Warrnambool line passengers will travel to and from Melbourne for a fraction of the price in just nine days, but a public transport expert has questioned whether the state government will "live to regret it".
Travel will cost $9.20 on weekdays and $6.70 on weekends, with concession fares half that, from March 31, under a Daniel Andrews election promise to bring regional public transport fares in line with those in metropolitan areas.
The state government last month confirmed the fare cap would be permanent, covering all state government run public transport including trains, regional and town buses and V/Line coaches.
But issues have been raised about whether there'll be enough seats if patronage increases as a result of the drastic cap.
The current rolling fleet have more than 400 seats available but The Standard has previously reported the VLocity trains, which are hoped to run on the line in 2024, could offer just 222 seats.
Once introduced, the VLocity trains will run as either a three or six-carriage train, providing either 222 or 444 seats for passengers.
John Hearsch, the president of independent transport think tank Rail Futures Institute (RIF), said there were questions about whether the state had enough rolling fleet to cater for the demand of transport once the fare drops.
He said RIF wasn't against a fare reduction but "this one has gone overboard and they may live to regret it".
Mr Hearsch said fortunately the majority of VLocity services ran with a "double", six-carriage train.
But, he said V/Line would have to anticipate patronage "sufficiently", particularly for the morning and evening services to and from Warrnambool.
"If they're going to try and cater for demand, and it may well be a very substantial demand, they'll be faced with even more significant capital expenditure," he said.
"They'll need to buy more trains or in some cases, have to amplify the infrastructure in order to be able to accommodate more trains on a given corridor."
Mr Hearsch said the Warrnambool train line works were designed to have five trains "each way, a day".
"If (V/Line) ever found themselves in a position they have to run more than that, they're probably going to have to build more crossing loops and they don't come cheaply. There's also a lot of time spent designing and building them."
Mr Hearsch said increased patronage would also have a flow-on effect, including at train station car parks and with road coach connections.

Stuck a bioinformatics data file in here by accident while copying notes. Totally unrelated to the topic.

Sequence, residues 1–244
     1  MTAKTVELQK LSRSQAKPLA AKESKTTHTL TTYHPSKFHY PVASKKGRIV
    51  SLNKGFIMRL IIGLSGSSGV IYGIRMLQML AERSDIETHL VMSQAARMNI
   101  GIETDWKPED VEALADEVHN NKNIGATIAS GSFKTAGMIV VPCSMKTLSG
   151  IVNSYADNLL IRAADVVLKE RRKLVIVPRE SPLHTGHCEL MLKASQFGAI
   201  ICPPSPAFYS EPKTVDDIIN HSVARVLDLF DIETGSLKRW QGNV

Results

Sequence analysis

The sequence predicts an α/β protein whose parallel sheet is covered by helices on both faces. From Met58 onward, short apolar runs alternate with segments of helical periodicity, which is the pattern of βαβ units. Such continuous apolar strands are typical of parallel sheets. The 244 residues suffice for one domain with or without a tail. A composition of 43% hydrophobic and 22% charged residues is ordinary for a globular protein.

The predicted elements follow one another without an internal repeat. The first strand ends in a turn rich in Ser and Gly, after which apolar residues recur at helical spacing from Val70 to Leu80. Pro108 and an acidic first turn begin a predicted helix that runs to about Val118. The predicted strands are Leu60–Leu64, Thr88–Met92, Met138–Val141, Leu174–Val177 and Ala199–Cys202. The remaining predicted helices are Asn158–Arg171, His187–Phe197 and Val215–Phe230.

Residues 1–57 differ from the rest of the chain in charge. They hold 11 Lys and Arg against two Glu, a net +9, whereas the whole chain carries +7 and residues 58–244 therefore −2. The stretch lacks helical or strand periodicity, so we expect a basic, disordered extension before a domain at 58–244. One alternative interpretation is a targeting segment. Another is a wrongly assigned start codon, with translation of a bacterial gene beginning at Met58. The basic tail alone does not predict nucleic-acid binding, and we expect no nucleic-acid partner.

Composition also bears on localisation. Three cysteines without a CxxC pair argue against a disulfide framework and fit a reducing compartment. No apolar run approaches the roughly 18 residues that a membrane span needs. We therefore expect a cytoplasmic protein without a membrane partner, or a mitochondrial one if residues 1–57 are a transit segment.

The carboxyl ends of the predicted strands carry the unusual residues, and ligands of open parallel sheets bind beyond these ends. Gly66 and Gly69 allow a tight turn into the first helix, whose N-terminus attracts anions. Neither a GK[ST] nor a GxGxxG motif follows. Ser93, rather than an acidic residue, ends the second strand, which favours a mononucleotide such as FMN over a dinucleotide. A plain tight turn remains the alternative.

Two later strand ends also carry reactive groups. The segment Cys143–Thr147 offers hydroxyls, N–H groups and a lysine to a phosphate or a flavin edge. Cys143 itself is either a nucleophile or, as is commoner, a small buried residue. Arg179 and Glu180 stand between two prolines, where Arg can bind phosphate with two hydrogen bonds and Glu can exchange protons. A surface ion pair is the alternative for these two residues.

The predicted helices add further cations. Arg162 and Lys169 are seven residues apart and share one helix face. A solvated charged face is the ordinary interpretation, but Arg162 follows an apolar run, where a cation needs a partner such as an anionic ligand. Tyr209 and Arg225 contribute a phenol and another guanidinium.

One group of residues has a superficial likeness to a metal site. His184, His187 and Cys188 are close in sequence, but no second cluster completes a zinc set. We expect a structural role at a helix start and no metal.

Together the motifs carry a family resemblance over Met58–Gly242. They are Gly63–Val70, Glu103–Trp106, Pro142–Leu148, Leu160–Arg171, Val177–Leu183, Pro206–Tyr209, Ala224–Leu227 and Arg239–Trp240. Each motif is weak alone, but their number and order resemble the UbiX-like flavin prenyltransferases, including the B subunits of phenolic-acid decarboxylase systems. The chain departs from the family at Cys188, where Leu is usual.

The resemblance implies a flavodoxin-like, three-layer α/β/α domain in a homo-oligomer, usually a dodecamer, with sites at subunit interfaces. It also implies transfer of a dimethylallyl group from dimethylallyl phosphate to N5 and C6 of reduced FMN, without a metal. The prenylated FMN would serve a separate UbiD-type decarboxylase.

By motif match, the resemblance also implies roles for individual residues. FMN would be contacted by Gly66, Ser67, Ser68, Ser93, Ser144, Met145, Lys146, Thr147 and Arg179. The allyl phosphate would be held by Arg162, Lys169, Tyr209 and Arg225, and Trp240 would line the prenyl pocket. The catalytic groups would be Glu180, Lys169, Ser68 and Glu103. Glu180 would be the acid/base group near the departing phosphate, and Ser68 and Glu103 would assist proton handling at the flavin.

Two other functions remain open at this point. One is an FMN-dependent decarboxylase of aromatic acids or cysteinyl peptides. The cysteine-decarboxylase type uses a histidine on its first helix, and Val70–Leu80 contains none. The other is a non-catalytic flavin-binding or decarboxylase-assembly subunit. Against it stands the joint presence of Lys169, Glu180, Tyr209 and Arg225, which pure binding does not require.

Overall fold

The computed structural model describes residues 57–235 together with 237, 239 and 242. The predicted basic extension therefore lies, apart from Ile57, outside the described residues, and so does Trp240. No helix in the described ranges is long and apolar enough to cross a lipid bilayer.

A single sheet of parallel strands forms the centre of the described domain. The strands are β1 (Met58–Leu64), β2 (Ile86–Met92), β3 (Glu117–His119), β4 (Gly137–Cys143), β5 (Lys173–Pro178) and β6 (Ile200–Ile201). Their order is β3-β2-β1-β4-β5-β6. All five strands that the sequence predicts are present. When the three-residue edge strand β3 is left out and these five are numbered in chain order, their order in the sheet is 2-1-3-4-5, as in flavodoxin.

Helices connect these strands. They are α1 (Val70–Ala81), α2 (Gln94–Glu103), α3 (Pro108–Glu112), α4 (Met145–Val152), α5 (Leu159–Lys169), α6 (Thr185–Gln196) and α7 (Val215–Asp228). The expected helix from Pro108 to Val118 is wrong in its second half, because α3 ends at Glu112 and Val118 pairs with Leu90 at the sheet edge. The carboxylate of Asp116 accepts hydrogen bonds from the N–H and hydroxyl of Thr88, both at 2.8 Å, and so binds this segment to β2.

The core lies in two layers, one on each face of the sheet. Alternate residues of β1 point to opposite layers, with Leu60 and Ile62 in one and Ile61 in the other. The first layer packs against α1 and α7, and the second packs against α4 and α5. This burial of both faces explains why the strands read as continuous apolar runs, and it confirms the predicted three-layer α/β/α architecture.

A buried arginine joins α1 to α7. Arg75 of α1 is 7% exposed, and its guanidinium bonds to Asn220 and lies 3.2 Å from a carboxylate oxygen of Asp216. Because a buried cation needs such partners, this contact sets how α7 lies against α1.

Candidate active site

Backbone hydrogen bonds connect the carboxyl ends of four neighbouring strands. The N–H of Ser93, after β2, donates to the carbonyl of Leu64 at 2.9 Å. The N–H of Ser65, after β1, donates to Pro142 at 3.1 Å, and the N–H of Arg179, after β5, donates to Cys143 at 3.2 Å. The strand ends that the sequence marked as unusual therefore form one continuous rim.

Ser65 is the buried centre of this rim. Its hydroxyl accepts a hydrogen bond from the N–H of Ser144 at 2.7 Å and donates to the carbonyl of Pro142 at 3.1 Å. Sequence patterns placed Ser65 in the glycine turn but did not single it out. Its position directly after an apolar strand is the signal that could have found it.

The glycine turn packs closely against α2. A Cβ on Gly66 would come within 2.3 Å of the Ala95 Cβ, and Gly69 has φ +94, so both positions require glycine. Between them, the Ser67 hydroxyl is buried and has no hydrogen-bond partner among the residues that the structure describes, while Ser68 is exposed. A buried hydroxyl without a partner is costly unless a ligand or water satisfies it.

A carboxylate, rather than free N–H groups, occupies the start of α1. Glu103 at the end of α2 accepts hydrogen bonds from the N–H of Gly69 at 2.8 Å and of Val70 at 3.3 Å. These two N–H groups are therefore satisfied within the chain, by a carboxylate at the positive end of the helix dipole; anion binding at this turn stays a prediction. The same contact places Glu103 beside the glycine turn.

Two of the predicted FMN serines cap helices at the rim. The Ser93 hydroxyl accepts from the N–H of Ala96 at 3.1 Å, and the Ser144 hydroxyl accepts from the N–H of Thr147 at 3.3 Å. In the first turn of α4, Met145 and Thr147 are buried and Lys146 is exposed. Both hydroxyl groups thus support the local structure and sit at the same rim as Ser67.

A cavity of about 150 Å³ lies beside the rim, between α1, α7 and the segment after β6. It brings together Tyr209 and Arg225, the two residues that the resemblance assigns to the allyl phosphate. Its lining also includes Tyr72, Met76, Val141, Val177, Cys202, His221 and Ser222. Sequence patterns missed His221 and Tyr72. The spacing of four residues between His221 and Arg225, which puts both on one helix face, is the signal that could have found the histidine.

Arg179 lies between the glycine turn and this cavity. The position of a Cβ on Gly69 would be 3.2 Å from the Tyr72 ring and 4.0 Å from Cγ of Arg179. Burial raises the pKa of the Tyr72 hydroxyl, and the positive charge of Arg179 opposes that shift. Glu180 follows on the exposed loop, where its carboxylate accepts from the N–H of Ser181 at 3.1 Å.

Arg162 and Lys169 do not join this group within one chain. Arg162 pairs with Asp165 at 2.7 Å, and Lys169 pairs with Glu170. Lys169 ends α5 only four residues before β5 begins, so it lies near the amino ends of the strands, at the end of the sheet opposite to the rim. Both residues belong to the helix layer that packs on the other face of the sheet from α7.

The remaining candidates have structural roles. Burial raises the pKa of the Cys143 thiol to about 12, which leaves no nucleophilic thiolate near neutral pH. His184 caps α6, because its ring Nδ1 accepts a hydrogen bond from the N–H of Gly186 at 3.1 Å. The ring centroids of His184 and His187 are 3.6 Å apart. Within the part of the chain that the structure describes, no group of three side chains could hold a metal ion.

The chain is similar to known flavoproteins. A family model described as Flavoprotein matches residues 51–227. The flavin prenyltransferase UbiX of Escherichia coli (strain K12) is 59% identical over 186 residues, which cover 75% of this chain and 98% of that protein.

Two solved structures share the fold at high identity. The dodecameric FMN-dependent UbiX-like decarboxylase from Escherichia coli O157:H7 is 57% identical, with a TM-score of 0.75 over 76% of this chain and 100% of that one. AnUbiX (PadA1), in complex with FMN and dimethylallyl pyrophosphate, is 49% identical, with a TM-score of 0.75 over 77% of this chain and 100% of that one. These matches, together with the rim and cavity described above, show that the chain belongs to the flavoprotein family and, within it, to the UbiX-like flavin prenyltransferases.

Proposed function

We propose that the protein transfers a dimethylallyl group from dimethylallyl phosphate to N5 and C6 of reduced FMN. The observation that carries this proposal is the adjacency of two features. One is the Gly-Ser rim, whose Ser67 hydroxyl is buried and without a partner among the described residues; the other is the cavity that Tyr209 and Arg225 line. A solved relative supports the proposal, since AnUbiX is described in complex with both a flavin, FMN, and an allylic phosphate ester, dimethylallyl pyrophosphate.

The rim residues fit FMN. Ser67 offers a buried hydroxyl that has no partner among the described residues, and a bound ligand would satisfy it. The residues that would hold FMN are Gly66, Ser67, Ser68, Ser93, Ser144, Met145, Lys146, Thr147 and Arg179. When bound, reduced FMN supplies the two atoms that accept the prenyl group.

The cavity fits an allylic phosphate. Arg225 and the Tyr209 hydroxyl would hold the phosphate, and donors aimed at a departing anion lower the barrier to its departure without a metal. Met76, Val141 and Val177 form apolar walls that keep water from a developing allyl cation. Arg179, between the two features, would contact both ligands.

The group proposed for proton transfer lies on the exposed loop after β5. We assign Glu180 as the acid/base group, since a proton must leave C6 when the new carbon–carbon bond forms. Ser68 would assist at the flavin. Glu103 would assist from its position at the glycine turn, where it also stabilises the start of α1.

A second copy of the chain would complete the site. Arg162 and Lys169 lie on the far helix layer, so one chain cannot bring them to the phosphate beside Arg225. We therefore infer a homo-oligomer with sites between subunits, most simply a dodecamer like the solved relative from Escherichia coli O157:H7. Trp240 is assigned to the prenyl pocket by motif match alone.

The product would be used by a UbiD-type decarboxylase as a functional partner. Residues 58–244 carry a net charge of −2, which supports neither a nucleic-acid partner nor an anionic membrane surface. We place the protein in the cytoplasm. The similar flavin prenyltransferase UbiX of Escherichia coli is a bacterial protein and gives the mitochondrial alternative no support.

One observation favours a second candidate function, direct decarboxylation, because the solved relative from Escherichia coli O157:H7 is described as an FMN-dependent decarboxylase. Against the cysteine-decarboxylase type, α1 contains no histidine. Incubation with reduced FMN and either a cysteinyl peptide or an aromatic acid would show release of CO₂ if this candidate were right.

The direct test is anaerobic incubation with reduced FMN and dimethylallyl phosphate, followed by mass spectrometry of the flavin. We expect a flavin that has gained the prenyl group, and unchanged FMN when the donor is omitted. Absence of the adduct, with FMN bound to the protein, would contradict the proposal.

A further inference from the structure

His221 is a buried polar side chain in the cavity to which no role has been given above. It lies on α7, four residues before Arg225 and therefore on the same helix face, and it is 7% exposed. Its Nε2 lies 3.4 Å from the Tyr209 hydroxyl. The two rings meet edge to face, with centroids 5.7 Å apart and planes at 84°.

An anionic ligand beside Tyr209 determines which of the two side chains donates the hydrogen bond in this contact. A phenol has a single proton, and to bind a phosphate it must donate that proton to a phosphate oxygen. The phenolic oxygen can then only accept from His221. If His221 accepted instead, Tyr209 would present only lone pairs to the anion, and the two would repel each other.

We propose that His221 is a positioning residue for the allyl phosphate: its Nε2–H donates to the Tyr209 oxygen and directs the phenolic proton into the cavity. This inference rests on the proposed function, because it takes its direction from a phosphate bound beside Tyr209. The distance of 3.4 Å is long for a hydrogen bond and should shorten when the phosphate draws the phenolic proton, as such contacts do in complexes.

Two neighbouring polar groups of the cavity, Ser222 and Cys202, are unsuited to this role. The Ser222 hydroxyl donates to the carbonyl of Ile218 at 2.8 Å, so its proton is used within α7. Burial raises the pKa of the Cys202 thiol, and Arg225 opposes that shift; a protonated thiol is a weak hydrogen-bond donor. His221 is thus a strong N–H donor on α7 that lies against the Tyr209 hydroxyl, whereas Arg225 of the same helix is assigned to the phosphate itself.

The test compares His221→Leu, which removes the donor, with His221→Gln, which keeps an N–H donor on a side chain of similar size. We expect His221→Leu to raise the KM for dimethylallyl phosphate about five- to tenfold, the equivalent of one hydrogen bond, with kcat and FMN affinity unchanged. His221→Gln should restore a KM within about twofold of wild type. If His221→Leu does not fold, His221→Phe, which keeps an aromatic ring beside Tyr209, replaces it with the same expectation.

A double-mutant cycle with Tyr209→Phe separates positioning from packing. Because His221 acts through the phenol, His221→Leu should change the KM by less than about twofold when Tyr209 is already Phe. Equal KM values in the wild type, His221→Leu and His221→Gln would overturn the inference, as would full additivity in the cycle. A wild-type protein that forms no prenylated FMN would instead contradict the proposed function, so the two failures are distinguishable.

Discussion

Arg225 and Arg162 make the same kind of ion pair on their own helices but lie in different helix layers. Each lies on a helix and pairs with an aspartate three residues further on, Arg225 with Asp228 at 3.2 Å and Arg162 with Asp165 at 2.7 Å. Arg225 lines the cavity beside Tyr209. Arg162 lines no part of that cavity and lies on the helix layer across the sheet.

"This effects the coaches you've got out of Warrnambool, going to Portland and Mount Gambier, they're also included in that reduction and the implications will also flow on to those coach companies," he said.
"The same will also happen on those occasions where trains need to be replaced with coaches, which happens because of maintenance works and things like that. It could overwhelm everything."
Mr Hearsch said it could be a general problem across the state, not just on the Warrnambool line.
"Whether they will have enough rolling stock to cater with the demand, only time will tell," he said.
"The reductions (in fares) are startling, I must say. They're unprecedented."
On Tuesday Premier Mr Andrews and V/Line chief executive Matt Carrick spoke on concerns raised about increasing pressure on the regional network.
Mr Carrick said the state government had scenario tested where they believe demand will be highest across the network, and were confident the current train fleet had capacity to meet any potential influx post March 31.
"We are confident we have the capacity, as the minister and premier have said, since 2019 a couple of extra services have been added, 25 extra trains have been added to the network and there is more to come," he said.
However, Mr Carrick said overcrowding may still be an issue on some lines, with the government taking a "wait-and-see" approach on where to fix the most pressure.
V/Line has been contacted for comment.
IN OTHER NEWS
Our journalists work hard to provide local, up-to-date news to the community. This is how you can access our trusted content:
Sign up for our newsletter to stay up to date.